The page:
A top United Nations envoy blamed a Darfur rebel group for holding up a crucial round of negotiations, warning on Tuesday that it would lose international sympathy if it obstructs peace efforts.
Secretary-General Kofi Annan's representative to Sudan, Jan Pronk, said the negotiating round that had been due to start Monday will be held Nov. 28, and warned that if the Sudan Liberation Army fails to attend, it can "forget about any political or moral support" from the international community.
He said the Sudanese government and the other main rebel group in Darfur, the Justice and Equality Movement, have agreed to attend the talks, due to be held in Abuja, Nigeria.
But the SLA has yet to overcome internal splits to join the round, he said.
Annan warned Monday that Darfur faces an increasing threat of anarchy unless the government and rebels conclude a peace agreement by the end of the year.
In his monthly report to the U.N. Security Council, Annan said "a dangerous increase" in violence in Darfur that began in September, and continued in October, is seriously affecting the delivery of humanitarian aid, and has claimed the lives of civilians and five members of the 6,700-strong African Union peacekeeping force.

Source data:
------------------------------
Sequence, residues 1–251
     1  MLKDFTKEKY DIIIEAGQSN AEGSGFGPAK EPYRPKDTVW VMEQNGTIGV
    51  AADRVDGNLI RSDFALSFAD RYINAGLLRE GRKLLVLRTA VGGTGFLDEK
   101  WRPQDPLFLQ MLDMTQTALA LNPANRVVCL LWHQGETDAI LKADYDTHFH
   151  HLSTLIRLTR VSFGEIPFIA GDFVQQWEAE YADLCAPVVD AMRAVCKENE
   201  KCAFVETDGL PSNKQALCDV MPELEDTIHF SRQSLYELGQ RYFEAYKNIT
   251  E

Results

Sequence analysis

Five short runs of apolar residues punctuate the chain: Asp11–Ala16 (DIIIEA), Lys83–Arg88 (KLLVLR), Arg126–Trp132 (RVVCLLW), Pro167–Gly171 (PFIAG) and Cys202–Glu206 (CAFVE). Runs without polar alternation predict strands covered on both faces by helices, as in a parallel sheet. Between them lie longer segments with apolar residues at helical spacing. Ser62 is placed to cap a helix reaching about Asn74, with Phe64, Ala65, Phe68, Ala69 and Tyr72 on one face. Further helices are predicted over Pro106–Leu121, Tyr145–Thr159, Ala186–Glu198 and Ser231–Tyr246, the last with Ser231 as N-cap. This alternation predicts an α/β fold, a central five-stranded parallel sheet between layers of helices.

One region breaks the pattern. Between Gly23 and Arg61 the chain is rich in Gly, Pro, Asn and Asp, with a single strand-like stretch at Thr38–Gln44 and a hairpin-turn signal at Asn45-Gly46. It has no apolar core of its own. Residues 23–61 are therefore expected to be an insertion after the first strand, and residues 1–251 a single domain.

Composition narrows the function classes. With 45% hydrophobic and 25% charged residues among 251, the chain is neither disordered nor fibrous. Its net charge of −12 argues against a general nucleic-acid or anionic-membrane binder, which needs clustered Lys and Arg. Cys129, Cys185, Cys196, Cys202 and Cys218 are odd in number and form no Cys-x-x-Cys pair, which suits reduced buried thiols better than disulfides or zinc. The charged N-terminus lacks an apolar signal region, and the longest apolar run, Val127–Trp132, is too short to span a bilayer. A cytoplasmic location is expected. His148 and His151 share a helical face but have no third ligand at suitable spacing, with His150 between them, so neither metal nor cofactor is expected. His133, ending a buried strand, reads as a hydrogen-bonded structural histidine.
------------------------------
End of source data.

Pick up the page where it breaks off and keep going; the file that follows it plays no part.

The Darfur conflict began in February 2003 when rebel groups took up arms against the government, accusing it of neglect and repression of Sudanese of African origin.
The government is accused of supporting a counterinsurgency led by an Arab militia known as the Janjaweed, which has been blamed for widespread killing, rape and arson.
The Sudanese government denies backing the Janjaweed.
The United Nations estimates that 180,000 people have died in the conflict, mainly through famine and disease.
Several million more have either fled into neighboring Chad or inside Sudan.
The peace talks, entering their seventh round, have been hampered by a leadership fight and factional split within the SLA, the biggest Darfur rebel group.
Earlier this month, one SLA leader, Minni Minnawi, organized a congress in which he was elected president, removing Abdel Wahid Nur as chairman.
Since then, both have claimed leadership.
On Saturday, U.S. Assistant Secretary of State for Africa, Jendayi E. Frazer, met both leaders in al-Fasher, the capital of South Darfur, to press for a unified position ahead of the talks. But the dispute remains unresolved.